Traffic Steroids vs. Natural Traffic

Traffic Steroids vs. Natural Traffic

Over the past few months, my blog has received several traffic surges from social media sites, including two Digg front-pagers and thousands of hits from Reddit, StumbleUpon, etc.

It was definitely fun seeing my Technorati and Alexa rank skyrocket within a few days, but unfortunately, visitors from social media sites are not targeted visitors and hence, rarely stick around. Just like steroids, traffic from social media sites may provide for instant gains, but eventually the effects wear off and all you’re left with is are sore muscles.

That being said, just as you go to the gym and slowly train hard for months, your results will stick around for much longer. The same can said for traffic building – there are instant surges from sites like Digg, but the benefits never stick around. Since my Digg outbreak last month, I have shied away from increasing my traffic through social media sites. Instead, I have been working on growing my traffic naturally and slowly.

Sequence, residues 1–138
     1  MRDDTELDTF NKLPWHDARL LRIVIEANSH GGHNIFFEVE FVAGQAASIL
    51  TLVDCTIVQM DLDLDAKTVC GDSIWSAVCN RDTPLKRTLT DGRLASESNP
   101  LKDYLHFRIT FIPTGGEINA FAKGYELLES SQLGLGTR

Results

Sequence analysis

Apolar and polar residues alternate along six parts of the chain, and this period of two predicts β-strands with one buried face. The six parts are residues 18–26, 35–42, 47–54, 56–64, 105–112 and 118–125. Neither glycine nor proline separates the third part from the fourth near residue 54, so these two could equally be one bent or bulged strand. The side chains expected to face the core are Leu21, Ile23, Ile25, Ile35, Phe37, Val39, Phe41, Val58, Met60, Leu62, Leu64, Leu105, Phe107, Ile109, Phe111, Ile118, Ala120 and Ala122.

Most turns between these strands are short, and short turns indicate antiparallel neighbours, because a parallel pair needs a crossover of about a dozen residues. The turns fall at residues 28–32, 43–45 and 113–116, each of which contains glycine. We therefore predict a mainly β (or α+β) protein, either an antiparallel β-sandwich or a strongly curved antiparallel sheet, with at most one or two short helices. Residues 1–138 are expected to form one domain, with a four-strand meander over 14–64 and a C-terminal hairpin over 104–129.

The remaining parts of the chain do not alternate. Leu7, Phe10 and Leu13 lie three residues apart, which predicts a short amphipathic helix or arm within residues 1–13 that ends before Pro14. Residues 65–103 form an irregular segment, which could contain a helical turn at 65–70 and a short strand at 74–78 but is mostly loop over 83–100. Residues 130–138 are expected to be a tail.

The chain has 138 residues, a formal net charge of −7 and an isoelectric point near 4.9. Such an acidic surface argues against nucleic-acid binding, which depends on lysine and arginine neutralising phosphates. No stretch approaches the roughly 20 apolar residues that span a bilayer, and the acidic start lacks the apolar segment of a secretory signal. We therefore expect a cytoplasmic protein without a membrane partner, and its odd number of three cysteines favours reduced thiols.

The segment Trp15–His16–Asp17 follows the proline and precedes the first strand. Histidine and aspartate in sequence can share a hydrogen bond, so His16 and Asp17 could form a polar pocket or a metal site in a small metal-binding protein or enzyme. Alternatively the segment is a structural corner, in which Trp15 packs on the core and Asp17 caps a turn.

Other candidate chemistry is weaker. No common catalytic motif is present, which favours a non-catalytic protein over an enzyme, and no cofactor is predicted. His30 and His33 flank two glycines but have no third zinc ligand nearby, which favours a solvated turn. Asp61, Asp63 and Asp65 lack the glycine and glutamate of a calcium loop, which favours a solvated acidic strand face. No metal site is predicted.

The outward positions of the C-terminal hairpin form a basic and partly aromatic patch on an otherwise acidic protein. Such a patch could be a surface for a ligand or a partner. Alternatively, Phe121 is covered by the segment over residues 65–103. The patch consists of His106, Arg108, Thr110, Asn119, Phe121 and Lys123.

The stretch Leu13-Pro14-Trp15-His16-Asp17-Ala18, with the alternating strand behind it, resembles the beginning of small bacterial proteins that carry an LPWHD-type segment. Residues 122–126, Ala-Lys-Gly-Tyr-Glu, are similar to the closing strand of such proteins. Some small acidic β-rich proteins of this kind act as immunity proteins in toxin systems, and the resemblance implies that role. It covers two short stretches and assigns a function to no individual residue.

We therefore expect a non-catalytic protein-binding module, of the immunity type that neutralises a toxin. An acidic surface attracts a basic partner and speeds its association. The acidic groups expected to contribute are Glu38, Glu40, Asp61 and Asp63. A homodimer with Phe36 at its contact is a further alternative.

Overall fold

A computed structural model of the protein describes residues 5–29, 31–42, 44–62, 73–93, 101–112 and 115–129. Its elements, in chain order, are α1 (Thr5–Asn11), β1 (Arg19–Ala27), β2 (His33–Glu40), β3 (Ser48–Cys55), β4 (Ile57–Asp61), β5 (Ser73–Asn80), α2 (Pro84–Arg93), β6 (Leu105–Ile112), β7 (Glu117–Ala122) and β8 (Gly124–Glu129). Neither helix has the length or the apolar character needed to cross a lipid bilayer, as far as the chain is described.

The Side Effects of Traffic Steroids

The first thing to know about low quality traffic is that it’s not targeted traffic, so visitors will not stick around very long. Often, they are only on your site to read one article, and hence, your pageviews/visitor ratio is very low, usually below 1.1.

traffic steroids

As you can see in the chart above, despite receiving 20k visitors within a day, hardly any of those visitors read more than 1 page. Arrghhh, Diggers!

Just like when someone takes steroids and their body goes under tremendous amounts of stress, perhaps the biggest drawback of social media traffic is the stress it places on your server. Most shared hosting plans cannot withstand a surge of 30k visitors in a few hours and as a countermeasure, shut off or suspend your account. How frustrating is that – just as you are receiving more vistors than you have gotten that entire month, your web site is down.

Some people try to get Dugg just for the extra advertising revenue it will bring them. In my case, when my article about the hybrid Toyota sportscar hit the front page of Digg and sent 30 thousand visitors my way, I made an extra $26 off Adsense that day. However, the CTR was extremely low (below 0.1%). Despite the possibility that vistors may leave your site by clicking an ad, they are not likely to ever return.